The hon. Member for Inverclyde is looking a bit askance at me. He knows my background. I used to prosecute criminals for a living. I prosecuted drug gangs; I prosecuted international drug gangs, so I know whereof I speak. There has been a certain naivety in some of these arguments about what these international gun-toting criminals will do if we, the UK, regulate prohibited drugs. They are not going to run away and study university degrees and lead law-abiding lives. They are going to find ways of undercutting the regulated market, which presumably the hon. Gentleman is calling for, with prices. They will find ways of getting to their addicts. They will still continue their awful trade; it is just that under the hon. Gentleman’s model, as I understand it, it will be the taxpayer who is helping to pay for some of the drugs that we are against.
Imagine the people whom we would drive out of business! This will do the same thing as it did in the 10 other countries where it has been introduced. I am talking about drug consumption rooms to help people with addiction problems through that phase of their life. Some 90% of people who use drugs in a recreational fashion do not have an addiction problem. We are talking about people with an addiction problem and helping them through that in a compassionate and humane way. That is what DCRs are about.
I will come to what DCRs are about, because their purpose is not recovery. Their purpose is to provide a place where illicit drugs that have been bought in the local area are then consumed in a place funded either by the taxpayer or charities. Recovery is an optional part of that usage; it is not the sole purpose of it. That is very different from our drug strategy. I will come on to that in a moment.
Let me first of all deal with the international comparisons, because much has been made of the evidence from abroad. I accept that there is no clear answer here, but I am obliged to put into context some of the evidence that has been put to this Chamber by Lloyd Russell-Moyle. Ten countries have DCRs. Seven of them are in the European monitoring centre for drugs and drug addiction, and in those seven countries, 78 facilities exist. When we are talking about changing our national drugs policy, we have to be very clear about the limits of the evidence on which the hon. Gentlemen are relying.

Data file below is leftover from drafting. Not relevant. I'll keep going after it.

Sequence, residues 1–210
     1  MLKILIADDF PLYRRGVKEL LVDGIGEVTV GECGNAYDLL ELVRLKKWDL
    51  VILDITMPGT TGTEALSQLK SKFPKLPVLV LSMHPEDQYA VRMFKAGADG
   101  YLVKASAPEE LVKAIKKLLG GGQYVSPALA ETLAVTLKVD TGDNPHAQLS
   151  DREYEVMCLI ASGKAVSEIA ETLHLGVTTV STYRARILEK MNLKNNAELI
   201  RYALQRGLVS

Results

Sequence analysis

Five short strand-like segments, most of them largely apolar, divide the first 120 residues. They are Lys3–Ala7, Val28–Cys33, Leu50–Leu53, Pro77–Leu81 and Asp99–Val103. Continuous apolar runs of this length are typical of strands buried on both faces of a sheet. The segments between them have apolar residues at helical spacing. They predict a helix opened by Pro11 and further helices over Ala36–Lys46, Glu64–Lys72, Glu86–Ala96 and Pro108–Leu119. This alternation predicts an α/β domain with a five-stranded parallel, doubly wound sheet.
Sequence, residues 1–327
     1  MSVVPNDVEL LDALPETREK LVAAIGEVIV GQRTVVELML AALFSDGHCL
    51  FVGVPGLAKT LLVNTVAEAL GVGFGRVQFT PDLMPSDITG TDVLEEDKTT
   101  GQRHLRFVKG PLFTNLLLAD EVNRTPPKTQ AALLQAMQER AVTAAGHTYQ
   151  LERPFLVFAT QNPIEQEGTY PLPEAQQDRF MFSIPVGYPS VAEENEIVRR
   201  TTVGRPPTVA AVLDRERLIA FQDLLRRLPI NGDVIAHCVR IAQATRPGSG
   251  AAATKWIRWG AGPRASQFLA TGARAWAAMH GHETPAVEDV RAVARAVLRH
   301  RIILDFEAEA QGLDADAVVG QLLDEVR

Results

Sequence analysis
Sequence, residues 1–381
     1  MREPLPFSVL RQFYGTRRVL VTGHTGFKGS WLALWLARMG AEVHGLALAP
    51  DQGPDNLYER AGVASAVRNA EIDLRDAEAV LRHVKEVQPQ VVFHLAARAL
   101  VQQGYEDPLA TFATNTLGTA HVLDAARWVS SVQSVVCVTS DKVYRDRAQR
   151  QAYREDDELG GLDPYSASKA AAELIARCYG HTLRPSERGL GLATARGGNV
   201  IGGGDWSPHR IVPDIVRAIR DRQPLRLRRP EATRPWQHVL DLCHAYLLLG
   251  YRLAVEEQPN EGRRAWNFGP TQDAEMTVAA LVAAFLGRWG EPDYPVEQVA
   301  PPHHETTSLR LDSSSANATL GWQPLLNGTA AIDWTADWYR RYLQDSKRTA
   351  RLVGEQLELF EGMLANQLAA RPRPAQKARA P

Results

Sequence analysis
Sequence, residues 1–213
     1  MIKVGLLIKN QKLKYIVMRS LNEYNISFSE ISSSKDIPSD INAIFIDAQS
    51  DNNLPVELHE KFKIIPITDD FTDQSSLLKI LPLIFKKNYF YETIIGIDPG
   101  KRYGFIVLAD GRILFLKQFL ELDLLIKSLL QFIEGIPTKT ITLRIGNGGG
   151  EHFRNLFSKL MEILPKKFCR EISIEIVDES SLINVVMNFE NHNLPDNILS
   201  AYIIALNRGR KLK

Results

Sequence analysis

The hon. Member for Inverclyde mentioned some countries. Canada has kept its provider, Insite, not because of the evidence that the services provided by Insite work, but because the users of Insite brought two court actions, and the Canadian Supreme Court ordered the Minister who wanted to close them to grant an exception to Insite in order to respect the constitutional rights of facility users and staff. I read that, with my legal hat on, not as an endorsement of the effect of DCRs but as a constitutional issue.
France has not agreed to use these rooms permanently. It is running a pilot project for six years. In terms of Spain, the evidence I am given by those who sit behind me is that there is one room open in Catalonia for one hour a day from Monday to Friday. When we hear that there have been no deaths in DCRs, which I accept, we have to understand the context in which these rooms are operating. I suggest that one hour a day from Monday to Friday does not support a great deal of people; we are not talking about the majority of heroin users in that town in Catalonia.
The hon. Member for Brighton, Kemptown talked about there being no deaths in Sydney. I was grateful to my hon. Friend Bill Grant for clarifying that the hon. Gentleman was in fact saying that there were no deaths in DCRs, not that the introduction of DCRs has stopped deaths from heroin in Sydney as a whole.
We do not know, because nobody has done the research yet, what happens to addicts when they leave DCRs. DCRs are not residential. Addicts are there for a number of hours. We do not know what happens when they leave those clinics and walk down the street. We do not know the impact. As we have heard, they are not there every single day. This is not a regular form of treatment, and that is precisely why I will now turn to the drug strategy. Recovery is at the heart of the Government’s drug strategy. We have brought together Health, Education and all of the relevant Departments to tackle drug addiction and the illicit trade in drugs and to look at the answers within the community, including with the police, but recovery is at the heart of it. I am sorry to hear of the experience in Scotland.
Motion lapsed, and sitting adjourned without Question put (